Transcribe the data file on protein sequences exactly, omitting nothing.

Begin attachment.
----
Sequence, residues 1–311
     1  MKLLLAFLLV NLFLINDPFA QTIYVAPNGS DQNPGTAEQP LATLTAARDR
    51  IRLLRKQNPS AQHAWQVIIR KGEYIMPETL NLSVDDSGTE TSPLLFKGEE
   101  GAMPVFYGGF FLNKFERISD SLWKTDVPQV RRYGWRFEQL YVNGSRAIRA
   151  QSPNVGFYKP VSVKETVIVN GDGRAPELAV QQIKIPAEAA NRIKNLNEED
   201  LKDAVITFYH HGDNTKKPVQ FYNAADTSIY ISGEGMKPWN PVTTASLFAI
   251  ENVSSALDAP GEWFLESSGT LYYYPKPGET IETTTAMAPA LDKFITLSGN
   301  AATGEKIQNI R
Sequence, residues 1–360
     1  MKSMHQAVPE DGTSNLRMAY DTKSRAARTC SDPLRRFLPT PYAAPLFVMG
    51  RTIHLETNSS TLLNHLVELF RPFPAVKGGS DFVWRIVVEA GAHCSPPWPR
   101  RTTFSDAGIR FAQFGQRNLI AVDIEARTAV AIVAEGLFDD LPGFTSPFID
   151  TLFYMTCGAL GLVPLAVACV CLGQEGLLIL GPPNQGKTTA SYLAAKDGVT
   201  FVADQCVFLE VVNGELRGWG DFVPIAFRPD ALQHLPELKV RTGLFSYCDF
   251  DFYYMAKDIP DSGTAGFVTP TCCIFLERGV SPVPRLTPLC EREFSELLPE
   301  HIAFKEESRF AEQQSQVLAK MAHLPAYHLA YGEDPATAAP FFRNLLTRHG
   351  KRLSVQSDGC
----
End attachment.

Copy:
Sequence, residues 1–311
     1  MKLLLAFLLV NLFLINDPFA QTIYVAPNGS DQNPGTAEQP LATLTAARDR
    51  IRLLRKQNPS AQHAWQVIIR KGEYIMPETL NLSVDDSGTE TSPLLFKGEE
   101  GAMPVFYGGF FLNKFERISD SLWKTDVPQV RRYGWRFEQL YVNGSRAIRA
   151  QSPNVGFYKP VSVKETVIVN GDGRAPELAV QQIKIPAEAA NRIKNLNEED
   201  LKDAVITFYH HGDNTKKPVQ FYNAADTSIY ISGEGMKPWN PVTTASLFAI
   251  ENVSSALDAP GEWFLESSGT LYYYPKPGET IETTTAMAPA LDKFITLSGN
   301  AATGEKIQNI R
Sequence, residues 1–360
     1  MKSMHQAVPE DGTSNLRMAY DTKSRAARTC SDPLRRFLPT PYAAPLFVMG
    51  RTIHLETNSS TLLNHLVELF RPFPAVKGGS DFVWRIVVEA GAHCSPPWPR
   101  RTTFSDAGIR FAQFGQRNLI AVDIEARTAV AIVAEGLFDD LPGFTSPFID
   151  TLFYMTCGAL GLVPLAVACV CLGQEGLLIL GPPNQGKTTA SYLAAKDGVT
   201  FVADQCVFLE VVNGELRGWG DFVPIAFRPD ALQHLPELKV RTGLFSYCDF
   251  DFYYMAKDIP DSGTAGFVTP TCCIFLERGV SPVPRLTPLC EREFSELLPE
   301  HIAFKEESRF AEQQSQVLAK MAHLPAYHLA YGEDPATAAP FFRNLLTRHG
   351  KRLSVQSDGC